Which Tests Are Best?

Published on October 29, 2014
Clinical postgrad examinations try to ensure that matriculating physicians are ready for the world of emergency medicine. But can written exams assess the soft skills necessary to practicing EPs?

Over the last few months, I have had the chance to observe exit examinations for training programs in three different regions around the world. I have been asked to assess the examination, comment on the robustness of the process and the level of training for the candidates. In an ideal world all the candidates would be perfect and the supervisors would all do their job well and we could just let the trainees undertake the training over a few years and there would be no need for an exam at the end! Unfortunately, we don’t live in Nirvana.

Everyone hates doing exams, but every residency has exams – we want some external validation of the resident training and the ability of the resident to act as a specialist at the end of training. So when do we know that the examination process is good? To determine this, we must ask what we are actually assessing in the examination. Mostly we want to ensure that the candidates have learnt the material we have presented during the residency program. However, there are some other less obvious objectives. I have often heard examiners state that they want to make sure that the candidates have had adequate clinical exposure to be able to make good clinical decisions. I have also heard examiners state that they want to “weed out” the psychopaths and make sure that the people who pass the exam are reliable doctors. Some have gone further and suggested that to be admitted into our “club” of emergency specialists, they need to be “inculturated”, learning the values necessary to treat the poor, the desperate and manage other specialties in the middle of the night! Still other examiners want to assess skills such as management and teaching ability as these are all part of our spectrum of activity.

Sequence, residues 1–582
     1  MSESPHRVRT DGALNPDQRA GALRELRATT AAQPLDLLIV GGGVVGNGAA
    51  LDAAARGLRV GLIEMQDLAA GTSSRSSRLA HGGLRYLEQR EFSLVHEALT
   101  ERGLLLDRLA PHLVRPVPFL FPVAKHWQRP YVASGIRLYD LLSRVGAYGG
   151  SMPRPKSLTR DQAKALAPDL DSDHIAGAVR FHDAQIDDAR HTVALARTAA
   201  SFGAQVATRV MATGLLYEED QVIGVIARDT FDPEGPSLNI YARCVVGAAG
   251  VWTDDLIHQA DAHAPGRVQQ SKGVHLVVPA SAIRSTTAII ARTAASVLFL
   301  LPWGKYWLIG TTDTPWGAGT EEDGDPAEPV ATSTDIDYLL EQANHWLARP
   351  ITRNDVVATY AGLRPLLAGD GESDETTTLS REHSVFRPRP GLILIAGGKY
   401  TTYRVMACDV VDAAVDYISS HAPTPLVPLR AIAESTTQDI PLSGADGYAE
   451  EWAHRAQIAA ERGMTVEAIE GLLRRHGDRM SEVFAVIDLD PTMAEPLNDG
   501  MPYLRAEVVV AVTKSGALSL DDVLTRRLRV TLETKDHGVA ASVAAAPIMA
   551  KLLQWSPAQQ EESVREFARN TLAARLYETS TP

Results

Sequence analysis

There are other reasons for having exams, some of these are not stated openly. Sometimes we want to prove to other specialties or the community that emergency medicine is a bone-fide specialty and that our graduates are as expert as other more traditional specialties such as surgery. We also want to use an exam rather than another colleague’s opinion about competence on the floor, because we don’t really trust their objectivity. The colleague might be a friend or enemy of the candidate and may not be able to objectively assess the candidate.